82 Bales of Cotton, until you can be heard from - I have
also given each of them such a statement of numbers,
weights &c &c as I now furnish you, and have handed to
Mr Brown the Certificate of Mr. A Fullerton. I have
not mentioned to them of my having written to Sir F. Bruce
and it will depend on circumstances whether I do so.
I have now to request that you will send proper
powers and instructions to those Gentlemen, if you
approve of them, or substitute others as soon as
possible - for you will easily see that their present
authority is not as satisfactory as if it was from
I request also that you will submit this letter to
your cousin Wm. Campbell that he and the representatives of
his Father's Estate may co-operate with you - Before
I leave here I will endeavour to send each of you
a statement of your accounts -
I have had purchased for you in Laurens county, and lying
there since early in 1864 a parcel of upland Cotton
intended for paying off any indebtedness to you, for your
advances in Belfast on my account, which on the 30th
of September last amounted to One Hundred & Sixty Eight
pounds two shillings & eight pence œ168 2/8 I am doubtful
now whether I will sell it in this country or not - Your
Merchants I think will be disappointed in the quantity they
will receive from hence - There will be none of consequence
made this year - not more than to preserve seed - and it
is not yet known, whether the article can be made as
heretofore, with the change which has so suddenly
taken place in our labour system. My present impression
is that the same quantity cannot be produced for many
years, if ever - The natural extension of the comforts
of the free labourers, not allowing the time, if there
were no other obstructions. I am happy to say that,
under Military Rule, this great change has progressed
peacefully: How it would be, or will be, when the State
resumes her position and rights as a member of the U.S.
- is uncertain; but we hope for the best: we have the
example of Haiti as a warning, not to attempt to restore
Slavery - Since I last wrote to you our City has been
overrun by Negroes coming in from the Plantations to
realise their freedom - They behave very orderly but
suffer in many cases from want of food, there being no
adequate employment and provisions scarce. A detachment
of U.S. Negro Troops infantry, arrived here today, and
marched up to the Arsenal.
Notwithstanding the great disorganisation on many of the
plantations, the seasons have been so favourable, that the
corn crop looks well, and as there has been scarcely any
Cotton planted - the Stock of Horses, Mules, Hogs, and all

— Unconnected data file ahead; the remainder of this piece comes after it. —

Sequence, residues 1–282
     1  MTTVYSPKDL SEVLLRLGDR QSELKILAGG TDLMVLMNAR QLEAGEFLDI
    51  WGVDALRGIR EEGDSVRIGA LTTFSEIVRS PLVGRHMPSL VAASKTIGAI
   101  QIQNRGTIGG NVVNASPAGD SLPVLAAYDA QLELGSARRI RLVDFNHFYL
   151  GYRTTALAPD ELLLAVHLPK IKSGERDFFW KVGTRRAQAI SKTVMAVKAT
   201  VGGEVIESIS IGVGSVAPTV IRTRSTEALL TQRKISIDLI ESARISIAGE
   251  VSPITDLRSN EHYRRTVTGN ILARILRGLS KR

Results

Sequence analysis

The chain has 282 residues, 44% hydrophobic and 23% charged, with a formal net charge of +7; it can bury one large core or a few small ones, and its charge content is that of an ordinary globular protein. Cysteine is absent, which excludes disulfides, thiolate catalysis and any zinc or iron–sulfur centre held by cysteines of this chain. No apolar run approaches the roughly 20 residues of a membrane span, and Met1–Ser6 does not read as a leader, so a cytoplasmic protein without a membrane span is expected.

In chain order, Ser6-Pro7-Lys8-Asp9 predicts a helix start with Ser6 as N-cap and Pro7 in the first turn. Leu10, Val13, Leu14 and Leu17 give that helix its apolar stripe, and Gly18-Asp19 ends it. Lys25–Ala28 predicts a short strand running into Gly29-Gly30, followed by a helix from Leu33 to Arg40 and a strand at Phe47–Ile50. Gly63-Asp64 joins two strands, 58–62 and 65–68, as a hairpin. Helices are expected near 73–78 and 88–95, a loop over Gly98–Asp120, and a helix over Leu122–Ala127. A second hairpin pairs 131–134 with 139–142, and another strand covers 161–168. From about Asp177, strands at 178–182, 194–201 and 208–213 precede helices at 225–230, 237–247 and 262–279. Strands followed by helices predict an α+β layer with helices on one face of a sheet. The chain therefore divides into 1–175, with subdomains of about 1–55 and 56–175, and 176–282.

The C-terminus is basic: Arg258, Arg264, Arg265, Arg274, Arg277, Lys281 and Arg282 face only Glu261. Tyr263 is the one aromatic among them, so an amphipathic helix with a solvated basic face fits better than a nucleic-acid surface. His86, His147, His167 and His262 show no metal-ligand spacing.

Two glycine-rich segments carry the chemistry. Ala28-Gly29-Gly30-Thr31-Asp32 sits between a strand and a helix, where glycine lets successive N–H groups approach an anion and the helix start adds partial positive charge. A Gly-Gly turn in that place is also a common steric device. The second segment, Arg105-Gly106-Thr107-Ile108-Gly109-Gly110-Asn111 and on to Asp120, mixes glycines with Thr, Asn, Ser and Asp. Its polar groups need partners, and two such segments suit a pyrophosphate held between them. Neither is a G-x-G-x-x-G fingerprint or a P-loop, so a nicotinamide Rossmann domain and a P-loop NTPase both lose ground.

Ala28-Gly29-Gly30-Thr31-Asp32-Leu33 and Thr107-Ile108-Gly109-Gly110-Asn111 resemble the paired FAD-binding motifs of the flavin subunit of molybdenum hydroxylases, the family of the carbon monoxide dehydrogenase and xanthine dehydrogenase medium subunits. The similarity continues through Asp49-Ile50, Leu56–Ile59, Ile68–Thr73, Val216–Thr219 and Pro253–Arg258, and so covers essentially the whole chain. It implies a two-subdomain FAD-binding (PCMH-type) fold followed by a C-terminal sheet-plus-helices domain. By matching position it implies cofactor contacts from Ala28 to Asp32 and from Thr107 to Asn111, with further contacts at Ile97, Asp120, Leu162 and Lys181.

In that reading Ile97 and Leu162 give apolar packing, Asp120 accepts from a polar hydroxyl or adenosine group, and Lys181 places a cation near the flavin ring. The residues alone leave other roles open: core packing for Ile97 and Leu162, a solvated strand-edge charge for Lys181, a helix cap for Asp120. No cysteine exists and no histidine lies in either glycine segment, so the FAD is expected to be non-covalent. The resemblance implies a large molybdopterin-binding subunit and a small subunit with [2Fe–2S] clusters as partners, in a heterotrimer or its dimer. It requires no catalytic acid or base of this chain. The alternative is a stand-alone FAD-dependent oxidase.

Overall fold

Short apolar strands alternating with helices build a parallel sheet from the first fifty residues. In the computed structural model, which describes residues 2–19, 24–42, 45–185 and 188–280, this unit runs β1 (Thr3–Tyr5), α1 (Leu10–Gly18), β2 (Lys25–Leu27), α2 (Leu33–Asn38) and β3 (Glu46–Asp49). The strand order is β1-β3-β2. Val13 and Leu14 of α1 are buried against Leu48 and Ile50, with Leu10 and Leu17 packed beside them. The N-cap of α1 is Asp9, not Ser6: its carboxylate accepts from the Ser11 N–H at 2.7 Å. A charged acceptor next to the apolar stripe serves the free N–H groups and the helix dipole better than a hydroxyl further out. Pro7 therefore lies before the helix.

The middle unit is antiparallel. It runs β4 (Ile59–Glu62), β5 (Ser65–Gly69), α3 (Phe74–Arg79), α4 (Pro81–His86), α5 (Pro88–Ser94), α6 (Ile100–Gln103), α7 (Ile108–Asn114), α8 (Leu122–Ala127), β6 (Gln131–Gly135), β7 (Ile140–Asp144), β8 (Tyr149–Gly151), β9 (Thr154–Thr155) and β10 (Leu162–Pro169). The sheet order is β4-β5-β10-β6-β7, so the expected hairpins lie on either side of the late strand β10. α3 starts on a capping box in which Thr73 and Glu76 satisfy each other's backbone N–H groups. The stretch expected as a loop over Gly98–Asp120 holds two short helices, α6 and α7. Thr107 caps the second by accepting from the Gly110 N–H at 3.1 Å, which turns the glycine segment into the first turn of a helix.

kind of cattle to be fed upon it, greatly reduced - and the
wastefulness of Armies having ceased - we may expect food,
of which corn here is the chief article, will be very
abundant and cheap in the fall. Flour is now 10$ p [per?]
Brrl [Barrel?] Bacon 10c [cents?] p [per?] lb. Corn 1¬ c [to?]
1«$ p [per?] Bushel.
Augusta 18 Jun 1865. I have detained this
letter that I might be able to furnish your account and
those of William Campbell & James Campbell, which I
now do herewith - I have considered that this would be
the most satisfactory to all parties - with my previous
letters I hope they will be understood and think they will
be found correct - of which you will please advise me
after examination. I have taken the liberty of closing
your account and charging you and crediting James Campbell
with $225.58 and also closed that of Wm. Campbell by
charging him and crediting James Campbell with $75.25
which increases your and his interest in the 82 Bales of
Cotton by the amount of those sums. After crediting
these sums the account of James Campbell still shows a
balance due me of Six Hundred & ninety four dollars &
ninety two cents $694.92 - This arises from the Powers
of Atty [Attorney?] which I hold from him for the
collection of Dividends, becoming inoperative on the
knowledge of his death. I would have substituted our
good friend Jno. Bones, who has already a power from
Mr. Wm. Campbell, but I am sorry to say the feebleness
of his health, entirely forbade it.
I have no letters from the M'Whinneys or M'Veas, but
I hope soon to hear from the former as the way for letters
is now open - Mrs Campbell, who is in fair health,
enjoins me to send much love from her to Mrs Allen -
I pray for the health and happiness of your family and am
Ever Yours Truly
R. Campbell.